Finally someone is asking the important questions.
Finally someone is asking the important questions.
“Canadian families will endure a significant tax increase and that tax bill will increase over time. The Trudeau government has talked a lot about cutting taxes for families. Based on the personal income tax changes they’ve already put in the case, we’ve found that’s not true for the vast majority of middle-class families.”
“The government of Canada recognizes that large internet companies are acting outside regulatory frameworks and may be a threat to our culture,” Simon Ross, a spokesman for Heritage Minister Melanie Joly, told AFP.
The report by Ontario’s environmental commissioner says the government needs a better plan for spending the funds brought in by the cap-and-trade system, which amounted to close to $2 billion last year.
Inslee wants lawmakers to pass a tax on carbon dioxide emissions from power plants and industrial facilities.
More than 400 American millionaires and billionaires are sending a letter to Congress this week urging Republican lawmakers not to cut their taxes.
The wealthy Americans, which include doctors, lawyers, entrepreneurs and CEOs, say the GOP is making a mistake by reducing taxes on the richest families at a time when the the nation’s debt is high and inequality is back at the worst level since the 1920s.
That’s outrageous given that leading up to and during the early part of at the 2015 election campaign, Trudeau repeatedly pledged a Liberal government would run balanced budgets and hypocritically blasted the Harper Conservatives for running deficits, even though the Liberals demanded them in the wake of the 2008 global recession.
Then, in mid-campaign, Trudeau reversed himself, calling for “modest” deficits of $9.9 billion in 2016-17, $9.5 billion in 2017-18, $5.7 billion in 2018-19, with a $1 billion surplus in 2019-20, the final year of his election mandate.
Morneau’s fall economic statement exposes those numbers as a fabrication.
With the economy booming, according to Morneau, Trudeau now has a 2016-17 deficit of $17.8 billion, 80% higher than the $9.9 billion he projected during the 2015 election.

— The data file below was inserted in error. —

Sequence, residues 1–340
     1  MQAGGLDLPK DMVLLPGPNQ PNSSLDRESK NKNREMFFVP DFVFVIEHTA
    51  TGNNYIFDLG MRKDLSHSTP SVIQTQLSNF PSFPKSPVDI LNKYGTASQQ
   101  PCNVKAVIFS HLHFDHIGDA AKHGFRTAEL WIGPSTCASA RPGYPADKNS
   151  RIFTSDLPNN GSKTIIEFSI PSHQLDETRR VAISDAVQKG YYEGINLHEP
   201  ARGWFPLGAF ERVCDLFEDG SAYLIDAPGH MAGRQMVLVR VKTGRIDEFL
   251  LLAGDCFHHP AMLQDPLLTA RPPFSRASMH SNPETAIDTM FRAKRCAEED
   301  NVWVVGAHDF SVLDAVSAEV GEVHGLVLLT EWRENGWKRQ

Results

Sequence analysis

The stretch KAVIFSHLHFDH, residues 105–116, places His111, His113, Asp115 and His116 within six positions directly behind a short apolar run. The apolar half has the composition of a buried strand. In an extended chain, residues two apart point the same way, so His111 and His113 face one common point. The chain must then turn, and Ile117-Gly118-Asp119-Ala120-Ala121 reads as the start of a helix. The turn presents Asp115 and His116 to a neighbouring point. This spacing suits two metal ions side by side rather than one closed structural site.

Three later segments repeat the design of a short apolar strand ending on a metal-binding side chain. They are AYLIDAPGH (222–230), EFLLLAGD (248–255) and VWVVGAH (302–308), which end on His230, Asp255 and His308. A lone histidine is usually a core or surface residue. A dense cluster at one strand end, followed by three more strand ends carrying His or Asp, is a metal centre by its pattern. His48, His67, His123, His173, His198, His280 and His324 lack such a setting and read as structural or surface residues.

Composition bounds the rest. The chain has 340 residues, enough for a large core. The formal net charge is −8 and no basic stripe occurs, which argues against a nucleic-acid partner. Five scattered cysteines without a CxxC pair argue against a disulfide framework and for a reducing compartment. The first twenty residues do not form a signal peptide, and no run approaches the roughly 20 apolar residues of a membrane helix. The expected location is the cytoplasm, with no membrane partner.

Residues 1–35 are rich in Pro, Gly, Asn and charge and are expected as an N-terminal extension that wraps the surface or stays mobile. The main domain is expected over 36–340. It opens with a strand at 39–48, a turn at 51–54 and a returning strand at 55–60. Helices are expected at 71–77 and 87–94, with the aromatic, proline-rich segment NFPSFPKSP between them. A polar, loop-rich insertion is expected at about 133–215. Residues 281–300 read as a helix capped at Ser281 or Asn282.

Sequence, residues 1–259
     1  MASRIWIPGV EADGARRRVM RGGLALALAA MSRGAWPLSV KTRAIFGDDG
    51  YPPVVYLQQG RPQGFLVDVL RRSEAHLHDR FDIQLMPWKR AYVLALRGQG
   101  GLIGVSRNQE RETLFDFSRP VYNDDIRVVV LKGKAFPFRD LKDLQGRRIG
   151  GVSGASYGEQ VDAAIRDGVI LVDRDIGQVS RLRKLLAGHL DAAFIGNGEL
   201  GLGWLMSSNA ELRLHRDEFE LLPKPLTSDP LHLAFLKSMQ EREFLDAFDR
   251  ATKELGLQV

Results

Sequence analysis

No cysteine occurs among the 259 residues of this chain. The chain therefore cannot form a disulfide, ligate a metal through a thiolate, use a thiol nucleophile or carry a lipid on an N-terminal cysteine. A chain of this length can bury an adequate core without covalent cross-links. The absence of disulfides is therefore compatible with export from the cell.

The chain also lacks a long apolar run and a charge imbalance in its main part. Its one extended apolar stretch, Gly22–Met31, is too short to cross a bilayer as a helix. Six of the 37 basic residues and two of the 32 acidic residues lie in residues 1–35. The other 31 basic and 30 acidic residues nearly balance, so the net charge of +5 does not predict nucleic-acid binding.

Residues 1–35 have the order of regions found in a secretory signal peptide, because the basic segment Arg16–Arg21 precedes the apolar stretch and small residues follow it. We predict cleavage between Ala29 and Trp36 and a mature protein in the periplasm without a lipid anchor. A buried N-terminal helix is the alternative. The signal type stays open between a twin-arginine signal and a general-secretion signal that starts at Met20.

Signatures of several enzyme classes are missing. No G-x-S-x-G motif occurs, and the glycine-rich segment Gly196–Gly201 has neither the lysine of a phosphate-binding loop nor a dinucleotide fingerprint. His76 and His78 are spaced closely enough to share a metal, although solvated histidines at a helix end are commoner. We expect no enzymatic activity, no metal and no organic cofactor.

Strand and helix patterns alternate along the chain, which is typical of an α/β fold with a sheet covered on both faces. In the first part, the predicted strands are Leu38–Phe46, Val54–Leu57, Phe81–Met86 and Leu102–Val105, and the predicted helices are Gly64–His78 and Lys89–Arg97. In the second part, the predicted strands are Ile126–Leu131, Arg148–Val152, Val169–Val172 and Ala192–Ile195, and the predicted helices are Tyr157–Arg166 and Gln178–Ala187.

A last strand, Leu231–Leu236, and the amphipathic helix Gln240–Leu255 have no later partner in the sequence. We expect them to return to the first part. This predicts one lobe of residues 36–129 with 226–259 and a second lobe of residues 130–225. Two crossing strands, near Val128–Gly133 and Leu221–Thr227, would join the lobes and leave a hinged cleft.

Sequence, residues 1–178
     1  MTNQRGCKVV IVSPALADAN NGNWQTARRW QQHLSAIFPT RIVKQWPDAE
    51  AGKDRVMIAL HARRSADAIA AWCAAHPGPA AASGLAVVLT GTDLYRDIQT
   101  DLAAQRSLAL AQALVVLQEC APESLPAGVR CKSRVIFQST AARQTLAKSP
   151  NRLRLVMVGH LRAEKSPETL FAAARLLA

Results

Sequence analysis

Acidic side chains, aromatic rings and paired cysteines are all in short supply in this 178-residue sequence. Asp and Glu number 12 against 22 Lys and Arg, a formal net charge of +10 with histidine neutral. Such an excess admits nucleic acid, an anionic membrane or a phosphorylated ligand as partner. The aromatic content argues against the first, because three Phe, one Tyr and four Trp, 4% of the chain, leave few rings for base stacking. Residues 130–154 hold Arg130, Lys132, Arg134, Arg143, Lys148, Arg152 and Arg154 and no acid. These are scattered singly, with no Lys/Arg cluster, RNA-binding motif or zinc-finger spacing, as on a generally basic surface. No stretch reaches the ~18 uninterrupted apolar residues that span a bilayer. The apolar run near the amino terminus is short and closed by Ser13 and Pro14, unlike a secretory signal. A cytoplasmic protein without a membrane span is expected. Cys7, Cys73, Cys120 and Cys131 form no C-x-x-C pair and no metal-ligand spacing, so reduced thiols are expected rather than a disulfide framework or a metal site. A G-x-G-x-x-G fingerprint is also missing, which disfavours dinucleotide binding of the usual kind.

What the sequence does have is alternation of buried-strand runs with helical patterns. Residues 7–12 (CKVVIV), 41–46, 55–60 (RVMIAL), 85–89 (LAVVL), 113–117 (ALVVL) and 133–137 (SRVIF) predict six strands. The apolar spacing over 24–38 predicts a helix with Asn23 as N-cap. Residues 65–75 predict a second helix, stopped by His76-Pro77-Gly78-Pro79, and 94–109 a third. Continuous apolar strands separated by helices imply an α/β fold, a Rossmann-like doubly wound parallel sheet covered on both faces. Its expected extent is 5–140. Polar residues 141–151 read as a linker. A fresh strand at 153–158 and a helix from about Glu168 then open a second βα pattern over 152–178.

For the 2017-18 fiscal year, Trudeau now projects a $19.9 billion deficit, 109% higher than the $9.5 billion he predicted in 2015.
For the 2018-19 fiscal year, Trudeau now projects an $18.6 billion deficit, 226% higher than the $5.7 billion he predicted in 2015.
For the 2019-20 fiscal year, the final year of his election mandate, Trudeau now projects a $17.3 billion deficit, astronomically higher than the $1 billion surplus he predicted in 2015.
Morneau’s economic statement also predicts that in the first three years of the next Liberal government — should Trudeau win in 2019 — his deficits will be $16.8 billion in 2020-21, $13.9 billion in 2021-22 and $12.5 billion in 2022-23.
Morneau and Trudeau insist our roaring economy under their leadership enables them to spend billions of dollars more enhancing benefits for the “middle class” — apparently now defined as families with children under 18 and low-income workers — while lowering deficits compared to their predictions in their March, 2017 budget
But all that means is that they predicted deficits then they knew were higher than the real numbers, so they can claim they’re lower than expected now.
This cynical game Liberals have played for decades doesn’t make them good money managers. It makes them lousy budgeters.